Up at six, to the gym, then coffee, then over to Richards Park, site of the cooking and fun.  The cook-off organizers at the Brady Chamber of Commerce extended the event to two full days, and to be honest, Jack and I were skeptical, wondering if this might be our last year.  That doubt was erased in the first hour, breakfast and chatter with fellow judges, a great group of old friends and new ones, too.  Back slapping, good-natured ribbing, lots of laughs.  Just great to be back in Texas.

Being back in Texas meant being away from what sometimes seems to be an echo chamber of political thought around the nation’s capital.  As I and many others have written in the past few years, we all do ourselves a disservice if we only pal around with people who share our views.  Truth is, Linda and I wouldn’t have made many friends in the 25 years we lived in the Lone Star State if we didn’t learn to get along, and to genuinely like, people on the other side of the political spectrum (it was, of course, better if their views were informed with research or logic!).  So it was that I laughed heartily when I spotted this bumper sticker (yes, it was in uppercase): GUNS KILL PEOPLE LIKE SPOONS MAKE ROSIE O’DONNELL FAT.  Yes, of course, gun violence is serious, but sometimes you just need to lighten up, right?

For the first 20 years or so, we only judged goat.  In about 2010 the chamber added a “mystery meat” competition, and 2018 saw those two, plus (on Saturday) beans, chicken, ribs, and margaritas (we skipped those); Sunday was hot sauce, Bloody Marys (I helped), then MM and, finally, goat.  Whew!  A lot of sampling.  Saturday sped past.  We peeled out at about four, back to the room, Tex-Mex dinner, and early to bed.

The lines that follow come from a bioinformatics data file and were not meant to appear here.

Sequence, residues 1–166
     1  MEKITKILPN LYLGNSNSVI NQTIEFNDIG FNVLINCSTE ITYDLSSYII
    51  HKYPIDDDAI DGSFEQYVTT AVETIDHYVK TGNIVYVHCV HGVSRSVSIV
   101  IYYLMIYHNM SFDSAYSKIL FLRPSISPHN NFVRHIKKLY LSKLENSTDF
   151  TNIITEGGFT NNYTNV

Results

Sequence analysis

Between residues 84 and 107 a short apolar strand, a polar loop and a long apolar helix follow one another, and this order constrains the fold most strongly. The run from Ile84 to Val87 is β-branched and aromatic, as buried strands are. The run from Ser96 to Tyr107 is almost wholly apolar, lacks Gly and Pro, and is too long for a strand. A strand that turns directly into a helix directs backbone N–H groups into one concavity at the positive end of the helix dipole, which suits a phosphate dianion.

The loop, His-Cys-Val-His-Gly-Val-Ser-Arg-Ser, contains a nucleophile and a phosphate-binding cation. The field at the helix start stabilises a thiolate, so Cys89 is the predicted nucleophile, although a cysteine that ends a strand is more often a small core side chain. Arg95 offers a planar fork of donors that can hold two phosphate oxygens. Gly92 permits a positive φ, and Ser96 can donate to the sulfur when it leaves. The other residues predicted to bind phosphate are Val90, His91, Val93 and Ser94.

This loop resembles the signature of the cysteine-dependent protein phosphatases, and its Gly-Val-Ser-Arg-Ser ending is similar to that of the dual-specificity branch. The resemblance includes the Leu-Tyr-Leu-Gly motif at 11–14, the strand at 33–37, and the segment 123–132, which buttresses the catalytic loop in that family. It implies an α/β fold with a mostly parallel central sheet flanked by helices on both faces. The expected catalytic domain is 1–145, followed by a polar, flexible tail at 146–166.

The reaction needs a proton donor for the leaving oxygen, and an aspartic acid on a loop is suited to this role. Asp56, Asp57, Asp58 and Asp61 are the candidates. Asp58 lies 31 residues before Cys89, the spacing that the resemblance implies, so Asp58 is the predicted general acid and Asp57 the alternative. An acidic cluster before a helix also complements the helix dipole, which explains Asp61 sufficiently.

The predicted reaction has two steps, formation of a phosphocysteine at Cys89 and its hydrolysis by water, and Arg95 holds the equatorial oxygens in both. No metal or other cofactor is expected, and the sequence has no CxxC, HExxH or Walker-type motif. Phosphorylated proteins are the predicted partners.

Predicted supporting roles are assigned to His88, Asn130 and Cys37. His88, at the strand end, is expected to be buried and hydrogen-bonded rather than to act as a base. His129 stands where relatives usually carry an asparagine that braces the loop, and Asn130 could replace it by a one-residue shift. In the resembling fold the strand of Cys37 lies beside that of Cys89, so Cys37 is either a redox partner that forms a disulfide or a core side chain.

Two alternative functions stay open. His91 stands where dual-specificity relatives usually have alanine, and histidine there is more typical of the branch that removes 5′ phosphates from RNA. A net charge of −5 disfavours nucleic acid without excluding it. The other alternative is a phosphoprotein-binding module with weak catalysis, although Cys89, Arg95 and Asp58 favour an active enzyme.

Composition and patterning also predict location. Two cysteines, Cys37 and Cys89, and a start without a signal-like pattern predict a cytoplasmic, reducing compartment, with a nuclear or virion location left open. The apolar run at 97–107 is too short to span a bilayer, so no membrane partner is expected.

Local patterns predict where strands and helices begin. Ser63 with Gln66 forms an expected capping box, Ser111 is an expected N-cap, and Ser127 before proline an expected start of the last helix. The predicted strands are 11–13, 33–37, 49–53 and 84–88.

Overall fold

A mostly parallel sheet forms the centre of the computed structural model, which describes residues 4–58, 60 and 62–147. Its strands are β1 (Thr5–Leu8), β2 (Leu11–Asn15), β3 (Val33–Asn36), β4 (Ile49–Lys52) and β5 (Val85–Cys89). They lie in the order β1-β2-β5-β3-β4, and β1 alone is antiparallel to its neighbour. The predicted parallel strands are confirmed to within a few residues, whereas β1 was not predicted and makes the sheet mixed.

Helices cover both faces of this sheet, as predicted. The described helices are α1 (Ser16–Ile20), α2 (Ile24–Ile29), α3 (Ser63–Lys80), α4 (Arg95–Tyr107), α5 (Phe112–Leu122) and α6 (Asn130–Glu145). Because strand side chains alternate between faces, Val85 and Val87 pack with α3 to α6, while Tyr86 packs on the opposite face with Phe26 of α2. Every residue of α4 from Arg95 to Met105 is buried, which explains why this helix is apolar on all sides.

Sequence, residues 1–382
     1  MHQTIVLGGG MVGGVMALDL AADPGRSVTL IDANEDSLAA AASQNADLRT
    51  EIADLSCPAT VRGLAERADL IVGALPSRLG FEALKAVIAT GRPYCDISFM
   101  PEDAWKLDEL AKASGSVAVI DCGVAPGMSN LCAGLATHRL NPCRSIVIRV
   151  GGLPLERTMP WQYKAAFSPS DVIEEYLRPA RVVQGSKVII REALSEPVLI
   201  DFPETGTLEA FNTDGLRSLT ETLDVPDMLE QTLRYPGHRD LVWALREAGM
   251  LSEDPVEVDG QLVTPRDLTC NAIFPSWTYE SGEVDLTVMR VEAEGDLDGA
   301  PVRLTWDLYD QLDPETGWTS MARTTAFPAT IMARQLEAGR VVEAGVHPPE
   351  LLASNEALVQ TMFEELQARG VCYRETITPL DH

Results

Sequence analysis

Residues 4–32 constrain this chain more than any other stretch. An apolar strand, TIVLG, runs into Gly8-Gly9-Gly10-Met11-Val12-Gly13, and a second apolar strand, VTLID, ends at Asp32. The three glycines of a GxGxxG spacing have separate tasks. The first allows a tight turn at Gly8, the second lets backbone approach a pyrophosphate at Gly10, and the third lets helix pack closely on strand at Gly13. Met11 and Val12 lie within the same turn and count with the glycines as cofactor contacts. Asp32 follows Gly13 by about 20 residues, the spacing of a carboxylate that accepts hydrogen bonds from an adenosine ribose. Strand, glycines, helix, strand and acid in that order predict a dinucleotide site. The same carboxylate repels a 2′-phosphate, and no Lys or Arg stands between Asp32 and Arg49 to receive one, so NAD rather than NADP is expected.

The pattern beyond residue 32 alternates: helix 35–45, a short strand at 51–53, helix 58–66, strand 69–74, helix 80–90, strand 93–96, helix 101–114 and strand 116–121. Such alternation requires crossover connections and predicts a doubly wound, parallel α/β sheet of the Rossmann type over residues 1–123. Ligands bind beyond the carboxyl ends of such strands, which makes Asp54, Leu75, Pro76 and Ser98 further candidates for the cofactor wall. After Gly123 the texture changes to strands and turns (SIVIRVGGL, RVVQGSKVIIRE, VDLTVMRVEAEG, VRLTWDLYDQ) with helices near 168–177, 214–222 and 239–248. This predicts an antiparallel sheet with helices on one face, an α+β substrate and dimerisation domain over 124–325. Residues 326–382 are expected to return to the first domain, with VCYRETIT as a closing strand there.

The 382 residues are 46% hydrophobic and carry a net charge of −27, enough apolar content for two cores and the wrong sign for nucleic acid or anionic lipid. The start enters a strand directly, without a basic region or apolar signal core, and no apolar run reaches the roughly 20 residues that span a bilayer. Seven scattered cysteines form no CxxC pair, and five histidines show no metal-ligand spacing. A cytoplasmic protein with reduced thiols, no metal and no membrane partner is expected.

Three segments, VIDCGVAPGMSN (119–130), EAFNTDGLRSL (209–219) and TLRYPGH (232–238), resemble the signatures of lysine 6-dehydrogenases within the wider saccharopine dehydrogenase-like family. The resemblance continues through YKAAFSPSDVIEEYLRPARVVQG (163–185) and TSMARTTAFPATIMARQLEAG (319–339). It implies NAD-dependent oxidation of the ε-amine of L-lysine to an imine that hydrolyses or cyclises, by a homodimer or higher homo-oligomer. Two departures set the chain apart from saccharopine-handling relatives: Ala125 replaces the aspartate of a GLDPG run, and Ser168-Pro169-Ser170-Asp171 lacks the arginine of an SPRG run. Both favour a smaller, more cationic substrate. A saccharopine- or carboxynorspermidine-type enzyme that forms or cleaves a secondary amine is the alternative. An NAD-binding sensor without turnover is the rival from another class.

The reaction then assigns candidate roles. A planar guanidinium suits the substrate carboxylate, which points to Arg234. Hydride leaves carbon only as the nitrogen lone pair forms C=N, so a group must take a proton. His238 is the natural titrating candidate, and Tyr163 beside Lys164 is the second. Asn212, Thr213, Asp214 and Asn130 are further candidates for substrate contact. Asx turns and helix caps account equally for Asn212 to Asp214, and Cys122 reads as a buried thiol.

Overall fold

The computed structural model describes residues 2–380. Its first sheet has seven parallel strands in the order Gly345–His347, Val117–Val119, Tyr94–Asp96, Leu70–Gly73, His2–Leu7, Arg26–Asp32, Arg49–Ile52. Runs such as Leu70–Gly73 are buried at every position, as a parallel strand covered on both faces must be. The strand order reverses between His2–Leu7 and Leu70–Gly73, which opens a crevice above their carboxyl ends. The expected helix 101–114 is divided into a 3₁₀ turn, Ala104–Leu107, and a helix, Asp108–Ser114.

Sunday: rinse, repeat.  Back to the park and back to work.  Jack peeled off to help his pals Stewart and Riley judge best cooking rigs, I tasted a few Bloodies, and we headed toward this year’s mystery, bacon, and at 3:00 the goat.  In 2016, I was promoted to senior judge, so we sampled nine Super Bowl entrants (open only to previous first-place finishers) and 18 finalists.  Some nice goat.  I ate all but one sample.   As a senior judge, I felt quite a bit of responsibility, so I pitched in to keep the tables tidy and, at one point, recovered to Super Bowl entries that someone mistakenly tossed in the trash.  Whew, close: good thing I am an inveterate dumpster diver!

We opted not to stay for the awards, back in the car, back to Dallas with the required stop at the DQ in Comanche.  Jack and I agreed that we needed to head back in future years, for the wonderful sense of belonging, the warm welcome, and the fine time with good ole-boys (and, increasingly, gals).  Belonging is so important.  Here are some scenes from the event:

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Longtime Cook-off organizers Terry Keltz and Kim King

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Left, Jack and fellow young judges Stewart Storms and Mark Marshall; right, three of the women judges — the judging ranks have become way more diverse in recent years

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Stalwart judge Eddie Sandoval and local businessman and rancher Jason Jacoby

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Two generations of judges; at left, Paul and Lanham McCallum of Grapevine, Texas

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The team judging the best cooking rigs

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From day 1 sampling: chicken and pork ribs

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From day 2, hot sauce and Bloody Marys

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Senior judges hard at work